• Fatty foods
  • Coffee
  • Choclate
  • Alcohol
  • Mint
  • Orange juice
  • Tomato catch up
  • Anticholinergic, calcium channel blockers, smooth
    muscle relaxants

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Therapeutic regimens for GERD in order of
increasing potency
  • Over-the-counter antacids and/or H2 receptor
    blockers
  • Omeprazole (20 mg QD) or equivalent dose of the
    other PPIs
  • Omeprazole (20 mg BID or 40 mg BD) or equivalent
    doses of the other PPIs

25
  • Step-up approach with mild symptoms, no change
    in QOL
  • Step-down approach with more severe symptoms
    affecting QOL or with higher grades of
    esophagitis / complications
  • Bed time H2B for nocturnal symptoms

26
Dose of the different H2 blockers
  • Drug Daily dose
  • Cimetidine 800 mg
  • Ranitidine 300 mg
  • Famotidine 40 mg
  • Nizatidine 300 mg

27
PPI versus H2 blockers in treatment of erosive
GERD symptoms (right panel) and esophageal
healing (left panel)
28
PPI side effects
  • Pneumonia
  • Hypergastrinemia (Carcinoid tumor in animal
    model)
  • Enteric infections
  • Vitamin B12 malabsorption

29
PROKINETIC DRUGS
  • Metoclopramide
  • Cisapride
  • Tegaserod

30
Duration of therapy
  • Maintenance therapy
  • lowest dose of PPI or H2 blockers, especially in
    severe esophagitis (grades C D) and with
    complications (BE, stricture)
  • Intermittent therapy
  • on-demand therapy in patients with mild to
    moderate heartburn without severe esophagitis.

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Effective initial and long term mangement
  • Decreases amount of drugs used
  • Decreases doctor visits
  • Decreases the need for repeat UGIE
  • (Bate et al 1992, Bloom et al 1994,
    Bardhan et al 1999)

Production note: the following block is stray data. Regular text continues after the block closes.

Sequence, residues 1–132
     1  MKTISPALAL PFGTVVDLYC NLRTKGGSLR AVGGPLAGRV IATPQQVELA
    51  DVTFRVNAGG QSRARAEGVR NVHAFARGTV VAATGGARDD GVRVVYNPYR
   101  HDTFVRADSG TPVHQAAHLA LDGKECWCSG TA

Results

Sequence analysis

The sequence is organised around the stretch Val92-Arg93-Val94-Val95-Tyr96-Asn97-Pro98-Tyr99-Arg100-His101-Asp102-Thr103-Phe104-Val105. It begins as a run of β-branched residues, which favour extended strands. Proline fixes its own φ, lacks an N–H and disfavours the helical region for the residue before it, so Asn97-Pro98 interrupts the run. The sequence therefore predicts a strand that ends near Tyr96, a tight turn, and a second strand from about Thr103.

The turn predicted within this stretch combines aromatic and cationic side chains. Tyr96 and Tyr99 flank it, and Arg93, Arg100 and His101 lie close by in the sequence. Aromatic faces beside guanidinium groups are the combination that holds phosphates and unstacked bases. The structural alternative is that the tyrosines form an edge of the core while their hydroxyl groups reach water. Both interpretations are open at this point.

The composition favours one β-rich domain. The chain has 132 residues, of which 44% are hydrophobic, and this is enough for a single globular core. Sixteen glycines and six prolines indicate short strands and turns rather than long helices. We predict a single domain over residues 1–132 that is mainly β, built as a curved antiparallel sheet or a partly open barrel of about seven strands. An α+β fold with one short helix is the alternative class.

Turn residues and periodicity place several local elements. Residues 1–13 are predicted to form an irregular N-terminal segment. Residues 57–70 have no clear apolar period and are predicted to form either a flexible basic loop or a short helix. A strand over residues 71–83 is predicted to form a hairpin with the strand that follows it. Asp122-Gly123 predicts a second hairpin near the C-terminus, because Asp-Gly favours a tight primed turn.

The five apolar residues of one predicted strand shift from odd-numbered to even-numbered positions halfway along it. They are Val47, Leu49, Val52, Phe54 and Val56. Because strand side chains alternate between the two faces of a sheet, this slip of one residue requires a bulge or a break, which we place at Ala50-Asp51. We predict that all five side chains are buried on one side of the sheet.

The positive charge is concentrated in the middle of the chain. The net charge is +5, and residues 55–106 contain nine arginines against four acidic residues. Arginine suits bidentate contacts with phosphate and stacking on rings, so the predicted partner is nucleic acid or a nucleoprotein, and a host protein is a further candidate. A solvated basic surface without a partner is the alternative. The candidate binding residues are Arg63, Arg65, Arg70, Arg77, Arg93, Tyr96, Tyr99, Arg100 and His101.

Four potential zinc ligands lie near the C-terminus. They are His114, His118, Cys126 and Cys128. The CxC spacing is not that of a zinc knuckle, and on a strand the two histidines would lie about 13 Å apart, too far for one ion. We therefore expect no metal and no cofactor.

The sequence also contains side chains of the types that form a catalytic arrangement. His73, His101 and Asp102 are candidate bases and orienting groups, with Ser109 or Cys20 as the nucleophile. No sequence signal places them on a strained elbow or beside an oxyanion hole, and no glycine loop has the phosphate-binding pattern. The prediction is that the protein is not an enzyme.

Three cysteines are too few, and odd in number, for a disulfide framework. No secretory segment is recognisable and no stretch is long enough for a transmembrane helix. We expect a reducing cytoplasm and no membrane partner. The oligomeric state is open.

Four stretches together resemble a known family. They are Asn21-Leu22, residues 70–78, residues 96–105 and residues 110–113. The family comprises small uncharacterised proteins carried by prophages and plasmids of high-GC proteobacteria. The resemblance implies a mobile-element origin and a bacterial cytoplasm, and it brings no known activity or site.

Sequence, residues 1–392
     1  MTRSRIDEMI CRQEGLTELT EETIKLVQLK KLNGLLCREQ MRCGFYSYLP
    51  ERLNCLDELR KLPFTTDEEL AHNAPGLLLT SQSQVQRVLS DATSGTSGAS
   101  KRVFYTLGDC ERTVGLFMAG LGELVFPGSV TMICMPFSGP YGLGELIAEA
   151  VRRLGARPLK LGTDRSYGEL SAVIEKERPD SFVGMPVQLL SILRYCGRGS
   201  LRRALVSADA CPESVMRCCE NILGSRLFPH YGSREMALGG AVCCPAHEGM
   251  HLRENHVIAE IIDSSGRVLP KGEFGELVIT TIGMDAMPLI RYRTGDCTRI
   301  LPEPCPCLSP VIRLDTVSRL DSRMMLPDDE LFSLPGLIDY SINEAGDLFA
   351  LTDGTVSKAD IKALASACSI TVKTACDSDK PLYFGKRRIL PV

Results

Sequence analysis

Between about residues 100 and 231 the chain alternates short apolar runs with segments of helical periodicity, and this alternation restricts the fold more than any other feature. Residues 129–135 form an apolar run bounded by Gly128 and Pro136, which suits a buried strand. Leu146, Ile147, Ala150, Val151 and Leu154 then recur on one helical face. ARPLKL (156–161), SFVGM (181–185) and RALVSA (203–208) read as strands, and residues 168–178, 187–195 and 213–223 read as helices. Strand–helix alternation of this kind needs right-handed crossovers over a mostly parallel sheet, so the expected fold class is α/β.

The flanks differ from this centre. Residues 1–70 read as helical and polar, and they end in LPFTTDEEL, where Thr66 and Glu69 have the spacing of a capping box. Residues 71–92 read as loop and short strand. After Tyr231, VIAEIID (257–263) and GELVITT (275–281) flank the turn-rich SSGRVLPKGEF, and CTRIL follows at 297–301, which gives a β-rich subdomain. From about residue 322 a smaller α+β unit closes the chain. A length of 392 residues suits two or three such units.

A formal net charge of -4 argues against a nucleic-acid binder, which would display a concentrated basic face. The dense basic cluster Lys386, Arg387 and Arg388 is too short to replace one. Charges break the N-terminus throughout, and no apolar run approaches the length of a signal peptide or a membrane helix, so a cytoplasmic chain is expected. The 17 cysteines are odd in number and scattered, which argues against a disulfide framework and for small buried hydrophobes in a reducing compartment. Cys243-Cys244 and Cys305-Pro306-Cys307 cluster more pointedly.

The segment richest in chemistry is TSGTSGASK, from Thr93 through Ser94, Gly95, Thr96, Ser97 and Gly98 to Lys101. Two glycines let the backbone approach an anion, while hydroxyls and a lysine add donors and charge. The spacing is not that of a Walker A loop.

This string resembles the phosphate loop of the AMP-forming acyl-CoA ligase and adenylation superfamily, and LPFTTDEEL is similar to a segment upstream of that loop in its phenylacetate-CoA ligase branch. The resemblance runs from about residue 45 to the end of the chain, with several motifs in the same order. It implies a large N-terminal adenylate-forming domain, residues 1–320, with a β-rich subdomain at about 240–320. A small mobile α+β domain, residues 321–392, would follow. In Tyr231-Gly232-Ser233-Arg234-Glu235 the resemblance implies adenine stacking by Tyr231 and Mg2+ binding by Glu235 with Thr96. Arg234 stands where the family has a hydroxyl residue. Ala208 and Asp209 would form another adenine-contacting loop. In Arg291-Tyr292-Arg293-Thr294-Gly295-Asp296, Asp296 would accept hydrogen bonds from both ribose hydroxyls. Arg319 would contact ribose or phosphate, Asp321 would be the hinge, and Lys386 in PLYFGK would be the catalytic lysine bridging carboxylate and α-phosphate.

33
Case 2
  • Young woman with chronic cough who is refractory
    to treatment with sulbutamol is referred for
    evaluation of GERD.
  • She complains of morning hoarseness.
  • Sulbutamol was in effective and even aggravated
    her symptoms.
  • Laryngoscopy showed posterior vocal cord
    erythema.
  • Endoscopy showed esophagitis.
  • Symptoms respond to 20 mg of daily omeprazol.

34
CLINICAL PRESENTATION
Typical Symptoms ? Heartburn ?
Regurgitation ? Dysphagia
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Case 3
  • Middle age man is visited for evaluation of
    dysphagia to solids from 2 months duration.
  • He was a heavy smoker and used famotidine for
    heart burn for 14 y.
  • Ba swallow was performed.
  • Endoscopy and biopsy was done.

39
Proximal esophageal stricture
40
Peptic stricture
41
Hyperplasia of basal cells and infiltration of
PMN with erosions in GERD.
42
Natural
History ? Peptic stricture ( 8 to 20 ) ?
Ulceration ( 5 ) ? Significant bleeding ( 2
) ? Perforation extremely rare
43
Esophageal ulcer in reflux esophagitis
44
Case 4
  • A 45 y old man with 25 y reflux symptoms comes to
    your office for evaluation of recent weight loss
    and dysphagia.
  • There was a histologic report of Intestinal
    metaplasia in distal esophagus in his last
    endoscopy 2 y ago.
  • Ba swallow and endoscopy was performed.

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Adenocarcinoma